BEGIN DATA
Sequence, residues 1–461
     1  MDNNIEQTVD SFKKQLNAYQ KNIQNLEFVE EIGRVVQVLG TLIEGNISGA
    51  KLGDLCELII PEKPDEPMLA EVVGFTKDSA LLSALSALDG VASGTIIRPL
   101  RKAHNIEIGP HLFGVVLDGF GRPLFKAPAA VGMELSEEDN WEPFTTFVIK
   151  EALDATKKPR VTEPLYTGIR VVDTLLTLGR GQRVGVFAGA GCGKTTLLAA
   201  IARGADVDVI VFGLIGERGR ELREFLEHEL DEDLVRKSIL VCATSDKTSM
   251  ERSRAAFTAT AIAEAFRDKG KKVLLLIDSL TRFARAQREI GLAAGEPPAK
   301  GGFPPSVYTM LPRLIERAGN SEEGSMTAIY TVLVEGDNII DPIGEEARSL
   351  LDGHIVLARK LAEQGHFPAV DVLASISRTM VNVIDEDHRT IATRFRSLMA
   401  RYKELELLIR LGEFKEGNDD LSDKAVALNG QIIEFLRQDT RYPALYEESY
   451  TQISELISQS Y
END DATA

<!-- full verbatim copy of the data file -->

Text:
Sequence, residues 1–461
     1  MDNNIEQTVD SFKKQLNAYQ KNIQNLEFVE EIGRVVQVLG TLIEGNISGA
    51  KLGDLCELII PEKPDEPMLA EVVGFTKDSA LLSALSALDG VASGTIIRPL
   101  RKAHNIEIGP HLFGVVLDGF GRPLFKAPAA VGMELSEEDN WEPFTTFVIK
   151  EALDATKKPR VTEPLYTGIR VVDTLLTLGR GQRVGVFAGA GCGKTTLLAA
   201  IARGADVDVI VFGLIGERGR ELREFLEHEL DEDLVRKSIL VCATSDKTSM
   251  ERSRAAFTAT AIAEAFRDKG KKVLLLIDSL TRFARAQREI GLAAGEPPAK
   301  GGFPPSVYTM LPRLIERAGN SEEGSMTAIY TVLVEGDNII DPIGEEARSL
   351  LDGHIVLARK LAEQGHFPAV DVLASISRTM VNVIDEDHRT IATRFRSLMA
   401  RYKELELLIR LGEFKEGNDD LSDKAVALNG QIIEFLRQDT RYPALYEESY
   451  TQISELISQS Y